My medicine was changed about three months ago because platelets were going up a little bit, but now I think it’s under control again. So I was very fortunate that I came to MD Anderson, and I wouldn't go anyplace else. I’m very lucky that I live here, so it doesn’t take very far to get—long to get here. But the doctors have been great. I feel very confident here, and I’m just glad that I got that second opinion.

Lessons for other patients to get answers?

Well, to me, I don’t think you should sit around and wait to see what’s going to happen. I think that if you can be a little proactive, it is going to help tremendously—at least give you some peace of mind of what’s going on. And to me, the second opinion was exactly what I should have done. I didn’t know anyone that had this sort of thing, and so going to him just gave me a lot of confidence in that I knew everything was going to be taken care of.

Your abilities and health?

I feel fine. And there is nothing, there are no restrictions on anything that I do. I have not had to cut out any of my activities. I enjoy biking. I enjoy walking. I’m very active, and I haven’t had to change my lifestyle whatsoever. And as far as worrying about it, I don’t because I know my doctors are taking good care of me. And as long as I feel fine, I have no complaints whatsoever. I just feel very fortunate. 

Has questioning your doctor changed?

Oh, yes.

I think they changed tremendously. I think the doctors, well, as I have a PA to talk to, if I have questions and I feel like they’re not really, really, really important to bother the doctor with, I can check with them. I can talk to the social workers. Everyone has been just extremely helpful in making sure that I know that I can go someplace else and talk to them and get some advice. So I think that the care is great.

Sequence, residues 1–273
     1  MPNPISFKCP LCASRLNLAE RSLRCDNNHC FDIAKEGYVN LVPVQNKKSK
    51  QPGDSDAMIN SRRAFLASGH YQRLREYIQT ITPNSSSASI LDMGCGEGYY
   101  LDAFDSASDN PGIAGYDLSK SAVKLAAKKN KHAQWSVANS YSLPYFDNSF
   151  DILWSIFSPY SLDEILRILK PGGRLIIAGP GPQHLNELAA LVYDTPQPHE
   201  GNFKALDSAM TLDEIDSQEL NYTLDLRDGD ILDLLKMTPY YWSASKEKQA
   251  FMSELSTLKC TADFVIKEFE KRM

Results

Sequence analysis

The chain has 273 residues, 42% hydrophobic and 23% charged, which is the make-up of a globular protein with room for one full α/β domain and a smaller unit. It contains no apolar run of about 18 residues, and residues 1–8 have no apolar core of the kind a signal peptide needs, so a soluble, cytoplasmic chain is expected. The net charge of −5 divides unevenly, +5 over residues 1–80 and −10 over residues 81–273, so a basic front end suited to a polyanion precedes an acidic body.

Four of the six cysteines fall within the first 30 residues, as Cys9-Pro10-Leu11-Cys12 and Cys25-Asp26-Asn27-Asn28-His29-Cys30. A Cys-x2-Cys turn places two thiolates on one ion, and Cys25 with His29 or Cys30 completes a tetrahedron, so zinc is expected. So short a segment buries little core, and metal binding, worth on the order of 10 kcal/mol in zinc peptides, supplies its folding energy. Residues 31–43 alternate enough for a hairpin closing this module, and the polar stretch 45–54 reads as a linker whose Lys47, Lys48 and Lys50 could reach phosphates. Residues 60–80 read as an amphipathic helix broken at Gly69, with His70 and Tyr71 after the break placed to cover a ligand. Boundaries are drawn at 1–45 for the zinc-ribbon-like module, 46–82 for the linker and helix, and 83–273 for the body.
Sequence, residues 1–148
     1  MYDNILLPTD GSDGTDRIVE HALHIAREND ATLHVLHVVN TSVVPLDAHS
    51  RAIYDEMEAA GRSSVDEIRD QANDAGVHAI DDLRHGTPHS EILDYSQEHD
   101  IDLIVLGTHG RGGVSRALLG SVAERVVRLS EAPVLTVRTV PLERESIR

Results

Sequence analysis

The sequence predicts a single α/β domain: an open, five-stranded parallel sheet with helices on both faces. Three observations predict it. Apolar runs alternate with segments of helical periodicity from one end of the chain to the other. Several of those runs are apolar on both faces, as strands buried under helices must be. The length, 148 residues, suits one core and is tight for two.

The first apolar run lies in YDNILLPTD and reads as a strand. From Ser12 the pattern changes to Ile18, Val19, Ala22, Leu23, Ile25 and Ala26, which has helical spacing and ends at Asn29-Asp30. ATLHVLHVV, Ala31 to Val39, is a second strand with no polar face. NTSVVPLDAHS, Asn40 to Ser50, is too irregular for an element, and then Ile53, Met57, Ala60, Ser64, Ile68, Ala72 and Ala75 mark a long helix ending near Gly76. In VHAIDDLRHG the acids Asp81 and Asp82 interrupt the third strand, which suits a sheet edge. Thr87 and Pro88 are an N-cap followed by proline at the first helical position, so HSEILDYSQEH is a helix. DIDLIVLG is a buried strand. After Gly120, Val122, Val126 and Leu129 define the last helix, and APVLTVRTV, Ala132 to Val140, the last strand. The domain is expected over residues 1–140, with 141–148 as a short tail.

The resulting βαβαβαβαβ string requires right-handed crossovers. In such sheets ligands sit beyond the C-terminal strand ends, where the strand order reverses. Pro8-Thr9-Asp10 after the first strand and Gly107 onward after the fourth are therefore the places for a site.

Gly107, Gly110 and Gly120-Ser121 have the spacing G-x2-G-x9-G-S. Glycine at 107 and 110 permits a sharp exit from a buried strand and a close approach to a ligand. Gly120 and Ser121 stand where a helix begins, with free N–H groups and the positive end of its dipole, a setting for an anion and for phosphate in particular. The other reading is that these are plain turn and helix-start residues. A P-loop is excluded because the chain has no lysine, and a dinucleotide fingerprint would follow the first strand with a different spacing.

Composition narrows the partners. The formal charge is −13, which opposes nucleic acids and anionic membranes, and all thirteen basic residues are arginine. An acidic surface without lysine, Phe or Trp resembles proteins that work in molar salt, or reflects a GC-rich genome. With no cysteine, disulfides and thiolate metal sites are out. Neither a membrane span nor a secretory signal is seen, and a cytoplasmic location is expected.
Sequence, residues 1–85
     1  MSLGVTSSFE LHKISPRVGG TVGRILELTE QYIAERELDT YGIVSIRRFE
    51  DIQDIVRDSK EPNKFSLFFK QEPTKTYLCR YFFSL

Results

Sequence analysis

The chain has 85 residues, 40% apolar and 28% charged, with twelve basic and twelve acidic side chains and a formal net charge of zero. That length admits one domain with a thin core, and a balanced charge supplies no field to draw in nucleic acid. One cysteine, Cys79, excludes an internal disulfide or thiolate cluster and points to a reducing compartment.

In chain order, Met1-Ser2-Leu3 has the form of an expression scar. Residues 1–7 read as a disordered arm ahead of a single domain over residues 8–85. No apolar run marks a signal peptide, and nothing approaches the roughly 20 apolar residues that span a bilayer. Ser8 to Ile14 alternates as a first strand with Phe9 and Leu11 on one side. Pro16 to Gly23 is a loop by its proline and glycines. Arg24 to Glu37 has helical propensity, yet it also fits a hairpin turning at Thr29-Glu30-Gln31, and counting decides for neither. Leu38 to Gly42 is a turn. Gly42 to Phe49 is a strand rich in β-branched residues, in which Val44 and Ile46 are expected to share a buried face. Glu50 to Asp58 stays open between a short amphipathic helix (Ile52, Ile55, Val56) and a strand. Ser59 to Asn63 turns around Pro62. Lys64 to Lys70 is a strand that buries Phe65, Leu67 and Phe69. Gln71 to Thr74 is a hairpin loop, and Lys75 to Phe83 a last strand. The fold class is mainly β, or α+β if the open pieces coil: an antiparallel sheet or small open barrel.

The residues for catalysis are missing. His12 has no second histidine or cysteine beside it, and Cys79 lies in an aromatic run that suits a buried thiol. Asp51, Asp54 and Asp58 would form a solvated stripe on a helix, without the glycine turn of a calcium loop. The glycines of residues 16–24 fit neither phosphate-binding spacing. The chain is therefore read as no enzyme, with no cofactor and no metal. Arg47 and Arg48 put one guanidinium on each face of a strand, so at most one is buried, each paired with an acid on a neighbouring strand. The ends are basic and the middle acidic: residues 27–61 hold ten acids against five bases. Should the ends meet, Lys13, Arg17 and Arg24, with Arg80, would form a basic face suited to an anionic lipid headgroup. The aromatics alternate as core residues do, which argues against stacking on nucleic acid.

What advice for asking questions?

I think the main thing is, as you said, put yourself first and talk to your primary care if you’re not getting help anyplace else. And if the doctor doesn’t have any suggestions, I would try going someplace else. And I would just start checking, until I could find a place that I could get the answers that I needed. And I would go to a hospital if I wasn’t in Houston, MD Anderson. I would go to a specialist, someplace that I felt like could at least tell me where to go.

How do you feel about the future?

I feel good about the future. I don’t worry about it. I guess I think nothing has really, well I did, I did have to change the medicine, and I assume that it’s working. I know it is because the platelet count has been lowered. I do know that Dr. Verstovsek is checking it. And if it goes up again, he’ll give me some more medication so that it can be under control. So I really don’t worry about it. As long as I feel well and I’m staying active, I don’t worry about it at all.

Please remember the opinions expressed on Patient Power are not necessarily the views of MD Anderson Cancer Center, its medical staff or Patient Power. Our discussions are not a substitute for seeking medical advice or care from your own doctor. That’s how you’ll get care that’s most appropriate for you.